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Preprints
https://doi.org/10.5194/acp-2020-511
© Author(s) 2020. This work is distributed under
the Creative Commons Attribution 4.0 License.
https://doi.org/10.5194/acp-2020-511
© Author(s) 2020. This work is distributed under
the Creative Commons Attribution 4.0 License.

  25 Sep 2020

25 Sep 2020

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This preprint is currently under review for the journal ACP.

Wintertime radiative effects of black carbon (BC) over Indo-Gangetic Plain as modelled with new BC emission inventoriesin CHIMERE

Sanhita Ghosh1, Shubha Verma2, Jayanarayanan Kuttippurath3, and Laurent Menut4 Sanhita Ghosh et al.
  • 1Advanced Technology Development Centre, Indian Institute of Technology Kharagpur, Kharagpur-721302, India
  • 2Department of Civil Engineering, Indian Institute of Technology Kharagpur, Kharagpur-721302, India
  • 3Centre for Oceans, Rivers, Atmosphere and Land Sciences (CORAL), Indian Institute of Technology Kharagpur, Kharagpur-721302, India
  • 4Laboratoire de Météorologie Dynamique, IPSL, CNRS/Ecole Polytechnique/Sorbonne Université/Ecole Normale Supérieure, 91128 Palaiseau Cedex, France

Abstract. To reduce the uncertainty in the black carbon (BC) induced climatic impacts from the global and regional aerosol-climate model simulations, it is a foremost requirement to improve the prediction of modelled BC distribution. And that specifically, over the regions where the atmosphere is loaded with a large amount of BC, e.g., the Indo-Gangetic plain (IGP) in the Indian subcontinent. Here we present the wintertime radiative perturbation due to BC with an efficiently modelled BC distribution over the IGP in a high-resolution (0.1° × 0.1°) chemical transport model, CHIMERE, implementing new BC emission inventories. The model efficiency in simulating the observed BC distribution was examined executing five simulations: Constrained and bottomup (Smog, Cmip, Edgar, Pku) implementing respectively, the recently estimated India-based constrained BC emission and the latest bottom-up BC emissions (India-based: Smog-India, and global: Coupled Model Intercomparison Project phase 6 (CMIP6), Emission Database for Global Atmospheric Research-V4 (EDGAR-V4) and Peking University BC Inventory (PKU)). A low estimated value of the normalised mean bias (NMB) and root mean square error (RMSE) from Constrained estimated BC concentration (NMB: < 17 %) and aerosol optical depth due to BC (BC-AOD) (NMB: 11 %) indicated that simulation with constrained BC emissions in CHIMERE could simulate the distribution of BC pollution over the IGP more efficiently than with the bottom-up. The large BC pollution covering the IGP region comprised of wintertime all-day (daytime) monthly mean BC concentration and BC-AOD from the Constrained, respectively, in the range 14–25 (6–8) µg m−3 and 0.04–0.08, with a strong correlation between the variance in BC emission and simulated BC mass concentration or BC-AOD. Five main hotspot locations were identified in and around Delhi (northern-IGP), Prayagraj (or Allahabad)-Varanasi (central-IGP), Patna-Palamu (upper/lower mideastern-IGP), and Kolkata (eastern-IGP). The wintertime radiative perturbation due to BC aerosols from the Constrained included a wide-spread enhancement in atmospheric radiative warming by 2–3 times and a reduction in surface cooling by 10 %–20 %, with net warming at the top of atmosphere (TOA) of 10–15 W m−2, compared to the atmosphere without BC, for which, a net cooling at the TOA was, although, exhibited. These perturbations were spotted being the strongest around megacities (Kolkata and Delhi), and were inferred as 30 %–50 % lower from the bottomup than the Constrained.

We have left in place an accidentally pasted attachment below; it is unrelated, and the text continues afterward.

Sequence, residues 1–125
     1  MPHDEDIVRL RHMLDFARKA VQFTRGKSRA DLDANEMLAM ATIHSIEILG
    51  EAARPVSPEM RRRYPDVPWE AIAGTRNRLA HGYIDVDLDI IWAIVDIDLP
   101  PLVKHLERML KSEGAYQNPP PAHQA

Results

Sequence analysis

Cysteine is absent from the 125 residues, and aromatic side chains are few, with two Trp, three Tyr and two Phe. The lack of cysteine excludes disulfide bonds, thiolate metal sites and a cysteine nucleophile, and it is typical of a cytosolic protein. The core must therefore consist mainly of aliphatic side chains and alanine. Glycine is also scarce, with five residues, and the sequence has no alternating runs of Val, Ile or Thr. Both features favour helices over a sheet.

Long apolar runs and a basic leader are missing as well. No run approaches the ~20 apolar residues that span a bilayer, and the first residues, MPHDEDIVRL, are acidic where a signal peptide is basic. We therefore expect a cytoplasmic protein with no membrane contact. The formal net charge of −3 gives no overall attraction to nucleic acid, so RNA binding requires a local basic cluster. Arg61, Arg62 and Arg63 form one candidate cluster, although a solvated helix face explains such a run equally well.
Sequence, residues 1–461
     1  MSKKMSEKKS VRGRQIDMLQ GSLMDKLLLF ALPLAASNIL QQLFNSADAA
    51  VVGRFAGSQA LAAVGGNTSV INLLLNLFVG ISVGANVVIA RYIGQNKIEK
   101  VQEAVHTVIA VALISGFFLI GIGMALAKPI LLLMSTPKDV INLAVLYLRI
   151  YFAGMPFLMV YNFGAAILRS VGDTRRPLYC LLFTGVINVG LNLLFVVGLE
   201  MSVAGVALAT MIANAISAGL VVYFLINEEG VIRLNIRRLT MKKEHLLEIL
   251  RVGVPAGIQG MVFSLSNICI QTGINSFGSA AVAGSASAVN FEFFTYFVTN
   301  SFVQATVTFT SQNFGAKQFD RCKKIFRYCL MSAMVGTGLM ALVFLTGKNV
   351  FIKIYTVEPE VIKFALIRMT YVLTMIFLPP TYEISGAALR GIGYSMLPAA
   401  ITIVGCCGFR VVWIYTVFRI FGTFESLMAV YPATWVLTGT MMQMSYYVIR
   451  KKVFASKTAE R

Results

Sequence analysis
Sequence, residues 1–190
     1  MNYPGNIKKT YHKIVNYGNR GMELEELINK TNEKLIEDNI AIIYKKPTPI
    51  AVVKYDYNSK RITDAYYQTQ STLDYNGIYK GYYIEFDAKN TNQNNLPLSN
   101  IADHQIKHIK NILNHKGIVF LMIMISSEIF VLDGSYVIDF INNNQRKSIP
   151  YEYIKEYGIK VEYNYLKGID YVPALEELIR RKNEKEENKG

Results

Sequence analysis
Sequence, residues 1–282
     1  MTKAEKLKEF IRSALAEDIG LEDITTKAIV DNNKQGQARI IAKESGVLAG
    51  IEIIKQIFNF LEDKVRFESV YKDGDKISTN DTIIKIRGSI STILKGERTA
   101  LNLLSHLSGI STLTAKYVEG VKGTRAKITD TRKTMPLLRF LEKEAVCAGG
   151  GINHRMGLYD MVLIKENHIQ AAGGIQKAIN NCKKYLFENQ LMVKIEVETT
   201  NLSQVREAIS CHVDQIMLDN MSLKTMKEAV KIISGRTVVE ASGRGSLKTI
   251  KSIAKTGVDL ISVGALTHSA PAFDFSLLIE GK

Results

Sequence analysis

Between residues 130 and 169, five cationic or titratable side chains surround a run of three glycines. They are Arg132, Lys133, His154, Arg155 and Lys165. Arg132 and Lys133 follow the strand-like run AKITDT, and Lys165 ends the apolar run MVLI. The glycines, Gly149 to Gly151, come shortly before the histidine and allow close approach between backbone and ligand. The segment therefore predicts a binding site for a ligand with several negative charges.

Sanhita Ghosh et al.

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Sanhita Ghosh et al.

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